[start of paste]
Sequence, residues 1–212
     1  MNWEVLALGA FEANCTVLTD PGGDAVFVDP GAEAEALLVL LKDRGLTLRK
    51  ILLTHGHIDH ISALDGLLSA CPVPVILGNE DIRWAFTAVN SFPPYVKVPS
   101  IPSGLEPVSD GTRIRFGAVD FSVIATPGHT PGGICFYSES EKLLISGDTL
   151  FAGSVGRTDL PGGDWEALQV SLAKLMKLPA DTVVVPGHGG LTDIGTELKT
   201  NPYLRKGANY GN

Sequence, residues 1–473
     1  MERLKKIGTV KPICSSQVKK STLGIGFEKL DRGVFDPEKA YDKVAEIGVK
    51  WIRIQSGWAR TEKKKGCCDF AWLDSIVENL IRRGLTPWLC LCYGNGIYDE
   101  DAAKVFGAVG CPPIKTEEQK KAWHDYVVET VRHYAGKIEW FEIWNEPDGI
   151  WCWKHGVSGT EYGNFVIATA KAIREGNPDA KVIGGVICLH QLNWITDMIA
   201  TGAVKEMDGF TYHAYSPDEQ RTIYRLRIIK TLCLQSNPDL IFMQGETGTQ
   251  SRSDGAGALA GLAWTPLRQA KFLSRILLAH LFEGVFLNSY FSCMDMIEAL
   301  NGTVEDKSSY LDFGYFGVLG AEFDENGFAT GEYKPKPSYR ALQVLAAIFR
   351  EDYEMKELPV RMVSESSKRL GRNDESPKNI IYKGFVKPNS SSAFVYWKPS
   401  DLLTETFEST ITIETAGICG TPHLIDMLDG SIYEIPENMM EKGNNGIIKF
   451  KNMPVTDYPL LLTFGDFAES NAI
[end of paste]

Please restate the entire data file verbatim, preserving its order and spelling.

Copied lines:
Sequence, residues 1–212
     1  MNWEVLALGA FEANCTVLTD PGGDAVFVDP GAEAEALLVL LKDRGLTLRK
    51  ILLTHGHIDH ISALDGLLSA CPVPVILGNE DIRWAFTAVN SFPPYVKVPS
   101  IPSGLEPVSD GTRIRFGAVD FSVIATPGHT PGGICFYSES EKLLISGDTL
   151  FAGSVGRTDL PGGDWEALQV SLAKLMKLPA DTVVVPGHGG LTDIGTELKT
   201  NPYLRKGANY GN

Sequence, residues 1–473
     1  MERLKKIGTV KPICSSQVKK STLGIGFEKL DRGVFDPEKA YDKVAEIGVK
    51  WIRIQSGWAR TEKKKGCCDF AWLDSIVENL IRRGLTPWLC LCYGNGIYDE
   101  DAAKVFGAVG CPPIKTEEQK KAWHDYVVET VRHYAGKIEW FEIWNEPDGI
   151  WCWKHGVSGT EYGNFVIATA KAIREGNPDA KVIGGVICLH QLNWITDMIA
   201  TGAVKEMDGF TYHAYSPDEQ RTIYRLRIIK TLCLQSNPDL IFMQGETGTQ
   251  SRSDGAGALA GLAWTPLRQA KFLSRILLAH LFEGVFLNSY FSCMDMIEAL
   301  NGTVEDKSSY LDFGYFGVLG AEFDENGFAT GEYKPKPSYR ALQVLAAIFR
   351  EDYEMKELPV RMVSESSKRL GRNDESPKNI IYKGFVKPNS SSAFVYWKPS
   401  DLLTETFEST ITIETAGICG TPHLIDMLDG SIYEIPENMM EKGNNGIIKF
   451  KNMPVTDYPL LLTFGDFAES NAI